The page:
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Menstrual Cycle

Consists of four phases and progresses in response to hormones in the females body.

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Menstrual Cycle

What's the most important part of the female menstrual cycle?

A menstrual cycle calendar. A lot of things to keep track of. And for a few very important reasons, it is important to know when a woman is ovulating. But what's the most important part of the female menstrual cycle? That depends on who you ask.

Menstrual Cycle

Ovulation, the release of an egg from an ovary, is part of the menstrual cycle, which typically occurs each month in a sexually mature female unless she is pregnant. Another part of the cycle is the monthly period, or menstruation. Menstruation is the process in which the endometrium of the uterus is shed from the body. The menstrual cycle is controlled by hormones from the hypothalamus, pituitary gland, and ovaries. 

Phases of the Menstrual Cycle

As shown in Figure below, the menstrual cycle occurs in several phases. The cycle begins with menstruation. During menstruation, arteries that supply the endometrium of the uterus constrict. As a result, the endometrium breaks down and detaches from the uterus. It passes out of the body through the vagina over a period of several days.

Detailed linear menstrual cycle diagram

Phases of the Menstrual Cycle. The menstrual cycle occurs in the phases shown here.

After menstruation, the endometrium begins to build up again. At the same time, a follicle starts maturing in an ovary. Ovulation occurs around day 14 of the cycle. After it occurs, the endometrium continues to build up in preparation for a fertilized egg. What happens next depends on whether the egg is fertilized.

If the egg is fertilized, the endometrium will be maintained and help nourish the egg. The ruptured follicle, now called the corpus luteum, will secrete the hormone progesterone. This hormone keeps the endometrium from breaking down. If the egg is not fertilized, the corpus luteum will break down and disappear. Without progesterone, the endometrium will also break down and be shed. A new menstrual cycle thus begins.


For most women, menstrual cycles continue until their mid- or late- forties. Then women go through menopause, a period during which their menstrual cycles slow down and eventually stop, generally by their early fifties. After menopause, women can no longer reproduce naturally because their ovaries no longer produce eggs.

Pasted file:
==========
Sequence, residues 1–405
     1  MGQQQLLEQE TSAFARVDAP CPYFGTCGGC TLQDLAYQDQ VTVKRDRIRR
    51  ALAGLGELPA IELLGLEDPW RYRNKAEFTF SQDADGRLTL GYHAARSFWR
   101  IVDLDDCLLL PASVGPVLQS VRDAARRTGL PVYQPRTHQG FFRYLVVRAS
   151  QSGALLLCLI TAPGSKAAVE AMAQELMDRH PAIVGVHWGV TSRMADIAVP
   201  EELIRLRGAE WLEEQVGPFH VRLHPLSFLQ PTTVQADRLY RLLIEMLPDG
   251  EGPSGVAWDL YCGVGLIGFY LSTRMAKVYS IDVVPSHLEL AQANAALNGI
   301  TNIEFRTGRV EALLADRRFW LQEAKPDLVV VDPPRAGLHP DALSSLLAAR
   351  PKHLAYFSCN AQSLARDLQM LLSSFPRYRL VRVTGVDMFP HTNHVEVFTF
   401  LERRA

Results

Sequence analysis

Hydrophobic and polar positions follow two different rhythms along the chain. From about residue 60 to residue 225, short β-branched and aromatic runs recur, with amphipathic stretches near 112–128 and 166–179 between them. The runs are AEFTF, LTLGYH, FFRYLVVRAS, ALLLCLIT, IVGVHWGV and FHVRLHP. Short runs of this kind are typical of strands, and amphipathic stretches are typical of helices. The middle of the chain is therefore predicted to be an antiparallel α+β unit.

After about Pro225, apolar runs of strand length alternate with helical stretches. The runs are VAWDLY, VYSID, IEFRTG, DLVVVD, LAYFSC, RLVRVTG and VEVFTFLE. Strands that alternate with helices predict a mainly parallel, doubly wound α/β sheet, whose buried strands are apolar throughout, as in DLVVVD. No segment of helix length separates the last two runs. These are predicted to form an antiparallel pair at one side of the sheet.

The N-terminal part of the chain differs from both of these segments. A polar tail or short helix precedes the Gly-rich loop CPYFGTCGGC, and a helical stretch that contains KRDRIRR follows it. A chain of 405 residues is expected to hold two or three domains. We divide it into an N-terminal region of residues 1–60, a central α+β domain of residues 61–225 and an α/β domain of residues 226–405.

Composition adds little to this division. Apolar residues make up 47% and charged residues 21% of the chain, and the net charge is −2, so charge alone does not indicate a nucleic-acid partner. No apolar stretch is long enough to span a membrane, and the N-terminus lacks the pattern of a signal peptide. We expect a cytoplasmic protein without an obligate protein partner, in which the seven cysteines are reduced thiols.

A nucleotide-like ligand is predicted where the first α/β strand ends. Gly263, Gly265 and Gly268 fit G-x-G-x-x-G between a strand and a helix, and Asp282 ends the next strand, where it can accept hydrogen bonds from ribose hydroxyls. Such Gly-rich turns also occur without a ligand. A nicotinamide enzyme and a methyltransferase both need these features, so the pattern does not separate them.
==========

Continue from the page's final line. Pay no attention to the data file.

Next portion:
• The menstrual cycle includes events that take place in the ovary, such as ovulation.
  • The menstrual cycle also includes changes in the uterus, including menstruation.
  • Menopause occurs when menstruation stops occurring, usually in middle adulthood.


  1. Define menstruation.
  2. What is menopause? When does it occur?
  3. What is the corpus luteum?
  4. Compare and contrast what happens in the menstrual cycle when the egg is fertilized with what happens when the egg is not fertilized.
  5. Make a cycle diagram to represent the main events of the menstrual cycle in both the ovaries and the uterus, including the days when they occur.

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corpus luteum Remains of the follicle after ovulation.
endometrium Tissues lining the uterus; shed from the body during menstruation.
follicle Structure in the ovary where eggs mature.
menopause Period during which menstrual cycles slow down and eventually stop in middle adulthood.
menstrual cycle Monthly cycle of processes and events in the ovaries and uterus of a sexually mature human female.
menstruation Process in which the endometrium of the uterus is shed from the body during the first several days of the menstrual cycle; also called monthly period.
ovulation Release of a secondary oocyte from the uterus about half way through the menstrual cycle.
progesterone A hormone that keeps the endometrium from breaking down.

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